INDIANAPOLIS — It's back to class, but not the classroom for thousands of Indianapolis Public School students and others who must learn remotely because of COVID-19. And e-learning can be especially hard for working parents who can't afford child care and can't afford to quit their jobs.
"Once schools decided to go virtual, the Mind Trust realized we had to fill a void, meet a need," said Shannon Williams. She heads the Mind Trust, an Indianapolis nonprofit working to address that need through free supervised e-learning for parents with few options.
"We understand the challenges people are facing," she said. "It's tough times, and we wanted to provide alternatives for parents that wouldn't (involve having) to choose between work and providing assistance for children."
The Hawthorne Community Center is one of 11 sites across Indianapolis providing space to a total of 500 students. Caleb Sutton, executive director of the Hawthorne center, calls the program critical for the kids and their parents.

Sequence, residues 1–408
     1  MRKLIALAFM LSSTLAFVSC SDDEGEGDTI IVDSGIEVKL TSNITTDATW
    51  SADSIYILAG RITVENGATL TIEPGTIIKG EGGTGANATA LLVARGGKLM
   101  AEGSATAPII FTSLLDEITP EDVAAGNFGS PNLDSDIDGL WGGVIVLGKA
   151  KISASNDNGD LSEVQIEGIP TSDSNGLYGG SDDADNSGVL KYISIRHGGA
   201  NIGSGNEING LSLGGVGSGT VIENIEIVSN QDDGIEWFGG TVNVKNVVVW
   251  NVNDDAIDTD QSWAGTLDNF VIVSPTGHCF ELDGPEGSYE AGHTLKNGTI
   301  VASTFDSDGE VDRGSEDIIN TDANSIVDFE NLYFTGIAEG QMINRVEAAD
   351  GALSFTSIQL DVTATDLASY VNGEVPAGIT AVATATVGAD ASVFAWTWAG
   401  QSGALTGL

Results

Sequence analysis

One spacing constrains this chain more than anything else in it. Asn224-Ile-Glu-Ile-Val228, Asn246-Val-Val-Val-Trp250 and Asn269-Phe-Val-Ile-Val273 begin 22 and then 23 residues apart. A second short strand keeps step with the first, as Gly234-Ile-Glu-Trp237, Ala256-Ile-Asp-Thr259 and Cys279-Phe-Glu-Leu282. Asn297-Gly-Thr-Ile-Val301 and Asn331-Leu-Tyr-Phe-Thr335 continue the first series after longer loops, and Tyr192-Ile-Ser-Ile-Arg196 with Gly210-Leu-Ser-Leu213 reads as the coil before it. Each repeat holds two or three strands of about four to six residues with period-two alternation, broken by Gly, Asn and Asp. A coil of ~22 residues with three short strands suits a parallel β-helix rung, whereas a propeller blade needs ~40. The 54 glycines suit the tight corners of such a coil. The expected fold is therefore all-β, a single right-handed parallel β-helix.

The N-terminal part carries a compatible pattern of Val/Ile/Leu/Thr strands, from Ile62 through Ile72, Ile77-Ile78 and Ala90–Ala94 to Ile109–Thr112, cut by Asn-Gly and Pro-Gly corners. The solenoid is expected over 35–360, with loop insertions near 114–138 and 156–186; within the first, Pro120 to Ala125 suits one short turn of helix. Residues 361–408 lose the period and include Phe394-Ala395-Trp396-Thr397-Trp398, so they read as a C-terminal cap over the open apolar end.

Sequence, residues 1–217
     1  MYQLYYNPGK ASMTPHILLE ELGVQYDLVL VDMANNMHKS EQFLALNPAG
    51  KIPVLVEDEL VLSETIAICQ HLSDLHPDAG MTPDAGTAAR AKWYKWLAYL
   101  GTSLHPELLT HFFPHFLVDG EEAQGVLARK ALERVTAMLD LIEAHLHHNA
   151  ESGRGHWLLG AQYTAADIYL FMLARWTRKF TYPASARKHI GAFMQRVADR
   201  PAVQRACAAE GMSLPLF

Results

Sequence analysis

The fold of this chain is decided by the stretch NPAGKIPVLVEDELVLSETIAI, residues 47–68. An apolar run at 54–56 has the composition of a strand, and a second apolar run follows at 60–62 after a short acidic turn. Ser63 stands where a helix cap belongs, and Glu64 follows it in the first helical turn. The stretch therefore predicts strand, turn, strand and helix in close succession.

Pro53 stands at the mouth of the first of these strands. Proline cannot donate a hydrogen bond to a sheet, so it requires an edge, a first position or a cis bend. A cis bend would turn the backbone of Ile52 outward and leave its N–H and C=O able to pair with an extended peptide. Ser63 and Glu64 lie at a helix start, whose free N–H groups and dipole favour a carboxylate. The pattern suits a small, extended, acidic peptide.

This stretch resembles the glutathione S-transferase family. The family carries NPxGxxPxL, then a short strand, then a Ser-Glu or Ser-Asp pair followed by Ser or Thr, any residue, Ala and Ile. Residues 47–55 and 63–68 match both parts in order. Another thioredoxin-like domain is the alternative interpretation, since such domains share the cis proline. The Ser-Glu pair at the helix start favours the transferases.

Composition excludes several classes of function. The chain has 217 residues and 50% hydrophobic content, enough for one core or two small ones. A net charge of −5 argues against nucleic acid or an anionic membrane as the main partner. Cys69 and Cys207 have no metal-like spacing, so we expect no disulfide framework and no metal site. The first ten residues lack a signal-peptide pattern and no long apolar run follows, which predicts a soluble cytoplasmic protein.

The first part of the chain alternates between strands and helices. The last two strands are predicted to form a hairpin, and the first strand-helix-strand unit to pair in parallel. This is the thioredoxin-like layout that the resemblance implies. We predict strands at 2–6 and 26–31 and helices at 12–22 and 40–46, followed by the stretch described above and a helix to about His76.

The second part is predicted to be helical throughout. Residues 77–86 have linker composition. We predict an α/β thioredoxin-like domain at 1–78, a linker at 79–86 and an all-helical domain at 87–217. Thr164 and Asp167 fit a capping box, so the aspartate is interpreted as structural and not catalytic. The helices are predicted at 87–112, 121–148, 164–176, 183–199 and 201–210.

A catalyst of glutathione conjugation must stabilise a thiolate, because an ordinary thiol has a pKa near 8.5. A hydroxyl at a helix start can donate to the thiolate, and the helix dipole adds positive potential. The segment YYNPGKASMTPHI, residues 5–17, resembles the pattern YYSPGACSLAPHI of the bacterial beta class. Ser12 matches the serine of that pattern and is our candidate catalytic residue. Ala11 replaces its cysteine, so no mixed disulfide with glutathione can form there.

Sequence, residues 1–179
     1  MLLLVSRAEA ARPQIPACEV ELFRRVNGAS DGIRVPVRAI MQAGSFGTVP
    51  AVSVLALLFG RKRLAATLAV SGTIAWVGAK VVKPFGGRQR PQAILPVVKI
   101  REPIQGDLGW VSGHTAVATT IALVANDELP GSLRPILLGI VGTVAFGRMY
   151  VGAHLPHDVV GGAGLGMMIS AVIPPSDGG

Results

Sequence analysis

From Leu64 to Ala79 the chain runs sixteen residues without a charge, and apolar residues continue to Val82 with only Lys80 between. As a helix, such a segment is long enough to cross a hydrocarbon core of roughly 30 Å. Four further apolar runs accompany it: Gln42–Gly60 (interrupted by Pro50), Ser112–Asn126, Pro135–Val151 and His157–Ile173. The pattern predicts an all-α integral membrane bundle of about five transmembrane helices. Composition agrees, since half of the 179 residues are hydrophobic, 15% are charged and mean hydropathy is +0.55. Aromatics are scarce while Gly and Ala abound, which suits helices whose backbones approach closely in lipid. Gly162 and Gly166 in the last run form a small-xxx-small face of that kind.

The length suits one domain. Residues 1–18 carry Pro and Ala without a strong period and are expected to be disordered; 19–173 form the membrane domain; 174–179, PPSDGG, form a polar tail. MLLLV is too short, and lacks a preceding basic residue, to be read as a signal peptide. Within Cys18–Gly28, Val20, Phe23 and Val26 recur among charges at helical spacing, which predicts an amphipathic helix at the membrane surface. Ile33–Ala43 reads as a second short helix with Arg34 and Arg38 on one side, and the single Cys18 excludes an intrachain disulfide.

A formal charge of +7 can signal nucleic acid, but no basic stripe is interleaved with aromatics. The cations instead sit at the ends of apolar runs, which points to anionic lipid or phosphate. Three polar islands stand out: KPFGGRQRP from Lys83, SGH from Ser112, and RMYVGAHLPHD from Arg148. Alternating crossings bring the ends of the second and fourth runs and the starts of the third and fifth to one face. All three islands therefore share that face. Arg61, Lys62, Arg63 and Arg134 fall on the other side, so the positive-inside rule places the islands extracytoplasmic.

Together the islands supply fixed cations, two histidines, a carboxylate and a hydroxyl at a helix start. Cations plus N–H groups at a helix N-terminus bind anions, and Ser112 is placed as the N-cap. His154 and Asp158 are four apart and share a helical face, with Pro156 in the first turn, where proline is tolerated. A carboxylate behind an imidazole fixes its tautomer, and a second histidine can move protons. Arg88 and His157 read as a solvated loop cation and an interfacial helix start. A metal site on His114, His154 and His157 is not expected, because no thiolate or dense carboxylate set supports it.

"A lot of parents are working in industries where working from home is just not an option, missing a paycheck is not an option," Sutton said.
So his center and 10 others have become temporary schools of sorts with multi-purpose rooms turned into classrooms, students wearing masks, and desks at least six feet apart. The Mind Trust is putting $200,000 toward the program with that money meant to help cover staffing, meals, transportation, masks and cleaning supplies.
Myracle Hatchett, who just started sixth grade, said she was glad to be back in the classroom learning again, even if it's alongside students from other schools with different teachers and lessons. Myracle said being in structured environment, "gets me in the mindset to think I'm in the classroom... and it helps me focus better."
Sophia Martinez, starting fifth grade, agrees.
"Instead of staying home all day, we get to experience new things," she said.
The program is set to run until mid-October when IPS returns to in-person learning, but it can go longer if needed.
Williams said demand is currently greater than capacity, but the Mind Trust is working to raise the money needed to provide more sites.